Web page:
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					SCFI 2009                                                           Framework
                                                                     ___ of ___

                                   Debate Good / Bad
                                    (Policy v. Kritik Frameworks)

***Top Shelf***
1NC Shell                                 2
1AC / 2AC Shell                           3

***Debate Good***
Fiat Good – Coverstone                    4
Fiat Good – Nuclear War***                5
Fiat Good – Rawls                         6
Fiat Good – Democracy                     7
Fiat Good - Education                     8
Debate Good – Research                    9
Switch Side Debating Good                 10
AT Kulnych                                10

***AT Specific Frameworks***
AT Ontology                               11
AT Reps / Discourse                       12

***Debate Bad***
Debate Bad – Mitchell                     13
In-Round Activism Good – Kulnych          14
Fiat Bad - General                        15
Fiat Bad – Dillon and Reid                16
Fiat Bad - Bureaucracy                    17
Fiat Bad - Movements                      18
Limits Bad – Exclusion                    19
AT Policy Making Good                     20

***Specific Frameworks***
Methodology 1st                           21
Discour se 1st                            22
Discour se 1st                            23
Random Trash Austin Cut                   24




                                                                                  1
SCFI 2009                                                                                                                         Framework
                                                                                                                                       ___ of ___

                                                                   1NC Shell
A. Interpretation – The affirmative must affirm the topic instrumentally. The 1AC must include a topical
plan that is justified with a normative defense of federal government adoption of such a policy.

Definitions

The topic is defined by the phrase following the colon – the USFG is the agent of the resolution, not
the individual debaters
Webster‟s Guide to Grammar and Writing „2K
http://ccc.commnet.edu/grammar/marks/colon.htm
Use of a colon before a lis t or an ex planation that is preceded by a clause that can stand by itself. Think of the colon as a gate, inv iting one to go on… If
the introductory phrase preceding the colon is very brief and the clause following the colon represents the real business of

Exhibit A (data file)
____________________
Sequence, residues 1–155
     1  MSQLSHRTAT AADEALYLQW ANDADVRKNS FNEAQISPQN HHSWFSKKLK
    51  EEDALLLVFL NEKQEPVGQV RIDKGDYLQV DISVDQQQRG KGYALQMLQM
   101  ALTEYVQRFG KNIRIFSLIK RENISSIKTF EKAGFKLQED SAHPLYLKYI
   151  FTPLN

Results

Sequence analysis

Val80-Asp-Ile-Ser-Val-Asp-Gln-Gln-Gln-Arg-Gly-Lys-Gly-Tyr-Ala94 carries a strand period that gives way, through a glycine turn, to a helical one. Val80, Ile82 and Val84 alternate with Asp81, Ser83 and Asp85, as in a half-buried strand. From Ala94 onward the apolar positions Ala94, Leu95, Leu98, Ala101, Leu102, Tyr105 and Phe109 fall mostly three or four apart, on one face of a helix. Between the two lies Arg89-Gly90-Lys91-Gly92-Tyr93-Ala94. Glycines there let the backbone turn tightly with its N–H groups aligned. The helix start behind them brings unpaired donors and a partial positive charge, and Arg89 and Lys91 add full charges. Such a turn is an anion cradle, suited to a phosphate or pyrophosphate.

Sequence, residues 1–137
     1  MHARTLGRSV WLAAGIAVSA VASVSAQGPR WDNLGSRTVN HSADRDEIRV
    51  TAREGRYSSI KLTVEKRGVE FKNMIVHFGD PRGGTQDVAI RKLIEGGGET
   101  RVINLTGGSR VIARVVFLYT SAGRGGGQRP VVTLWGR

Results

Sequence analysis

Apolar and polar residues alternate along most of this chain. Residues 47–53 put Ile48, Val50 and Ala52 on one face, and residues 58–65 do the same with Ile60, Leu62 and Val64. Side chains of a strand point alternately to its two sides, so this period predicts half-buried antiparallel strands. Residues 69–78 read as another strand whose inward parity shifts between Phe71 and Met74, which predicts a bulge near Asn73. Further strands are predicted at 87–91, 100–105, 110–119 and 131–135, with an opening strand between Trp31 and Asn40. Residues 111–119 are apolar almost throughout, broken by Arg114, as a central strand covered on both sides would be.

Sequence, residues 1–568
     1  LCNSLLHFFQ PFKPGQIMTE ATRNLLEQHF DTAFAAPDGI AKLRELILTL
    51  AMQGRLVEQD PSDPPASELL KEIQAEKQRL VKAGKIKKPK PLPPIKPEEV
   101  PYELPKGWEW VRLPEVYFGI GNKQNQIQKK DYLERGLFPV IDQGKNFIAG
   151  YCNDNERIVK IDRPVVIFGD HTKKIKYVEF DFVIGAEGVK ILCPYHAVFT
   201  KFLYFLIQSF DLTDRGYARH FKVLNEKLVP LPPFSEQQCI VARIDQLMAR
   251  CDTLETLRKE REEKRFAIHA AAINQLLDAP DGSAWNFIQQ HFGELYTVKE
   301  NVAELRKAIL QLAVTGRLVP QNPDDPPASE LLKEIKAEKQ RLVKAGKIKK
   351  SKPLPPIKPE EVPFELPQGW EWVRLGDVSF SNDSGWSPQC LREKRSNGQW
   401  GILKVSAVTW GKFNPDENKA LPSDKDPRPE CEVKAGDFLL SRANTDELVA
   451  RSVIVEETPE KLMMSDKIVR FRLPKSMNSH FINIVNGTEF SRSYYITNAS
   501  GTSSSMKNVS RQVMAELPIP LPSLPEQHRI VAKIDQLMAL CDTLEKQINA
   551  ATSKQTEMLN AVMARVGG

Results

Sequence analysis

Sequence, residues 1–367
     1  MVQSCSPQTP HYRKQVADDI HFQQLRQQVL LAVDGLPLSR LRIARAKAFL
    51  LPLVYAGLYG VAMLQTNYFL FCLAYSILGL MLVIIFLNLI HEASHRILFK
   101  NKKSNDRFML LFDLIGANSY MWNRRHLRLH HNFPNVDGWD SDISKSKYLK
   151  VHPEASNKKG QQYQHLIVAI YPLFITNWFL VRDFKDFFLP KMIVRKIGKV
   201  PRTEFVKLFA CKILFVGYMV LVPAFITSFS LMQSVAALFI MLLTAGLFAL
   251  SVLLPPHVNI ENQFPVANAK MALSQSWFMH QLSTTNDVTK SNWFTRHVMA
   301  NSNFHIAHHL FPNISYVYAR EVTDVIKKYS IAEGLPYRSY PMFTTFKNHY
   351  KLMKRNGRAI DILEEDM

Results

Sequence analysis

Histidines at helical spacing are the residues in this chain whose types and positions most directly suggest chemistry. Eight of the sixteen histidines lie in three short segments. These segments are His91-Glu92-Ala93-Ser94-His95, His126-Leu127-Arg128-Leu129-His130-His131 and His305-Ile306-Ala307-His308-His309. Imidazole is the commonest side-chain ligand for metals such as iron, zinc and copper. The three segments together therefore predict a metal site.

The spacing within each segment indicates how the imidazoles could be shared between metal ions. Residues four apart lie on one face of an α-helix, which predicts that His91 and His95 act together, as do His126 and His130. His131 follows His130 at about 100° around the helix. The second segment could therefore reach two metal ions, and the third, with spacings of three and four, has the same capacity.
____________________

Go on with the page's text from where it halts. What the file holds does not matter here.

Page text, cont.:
the sentence, begin the clause after the colon w ith a capital letter.

The question posed by the resolution is about the desirability of USFG action
Cambridge Dictionary of American English „00
Should means “used to express that it is necessary, desirable, and adv isable, or important to per for m the action of the
following verb.”

The USFG is the government in Washington D.C.
Microsoft Online Encyclopedia „2K [http://encarta.msn.com]
―The federal government of the United States is centered in Washington DC.‖

B. Violation – The affirmative is not an instrumental affirmation of the resolution – they affirm the topic
as _________


C. Reasons to Prefer

1. Ground – Refusing to defend the implementation of the plan/resolution erases all predictable
negative counterplan, disadvantage and case ground. While we may have arguments indicting the idea
of the plan or personal advocacy, we‟ll never have evidence saying their specific advocacy of the plan
is bad. This eliminates all of our resolutionally-based offensive arguments.

2. Topical Education – By manipulating the topic to access a political project they destroy discussion
of the important question asked by the resolution. This tactic promotes debate that is either stagnant
or shallow. They ruin a critical function of this activity which is to test the desirability of policy
implementation by not assesing the merits of specific policies.

3. Extra Topicality – Even if they claim to “defend” their plan – they skirt discussion of its merits by
arguing the benefits derived from their advocacy outweigh. This is a voting issue because we‟re
forced to win framework just to get back to equal footing – extra topicality also proves the resolution
insufficient and explodes aff ground.


D. Voting Issue – If we demonstrate the affirmative does not meet the best interpretation of the topic
they have failed to justify the resolution and should be rejected. This is the best way to preserve
competitive equity by ensuring predictable ground for the negative.



                                                                                                                                                           2
SCFI 2009                                                                            Framework
                                                                                         ___ of ___

                                       1AC / 2AC Shell
A. Interpretation – The Affirmative can affirm the topic instrumentally by defending a topical plan, the
neg can ONLY win by proving this plan is worse than the status quo or a competitive alternative. They
can run the K but we get to weigh our entire 1AC against any criticism.


B. Reasons to Prefer

1. Predictable Ground – Refusing to allow the aff to defend the resolution erases all predictable
affirmative ground. Their framework is arbitrary which devastates aff ground by not centering the
debate about a topical advocacy and mooting 8 minutes of 1AC offense.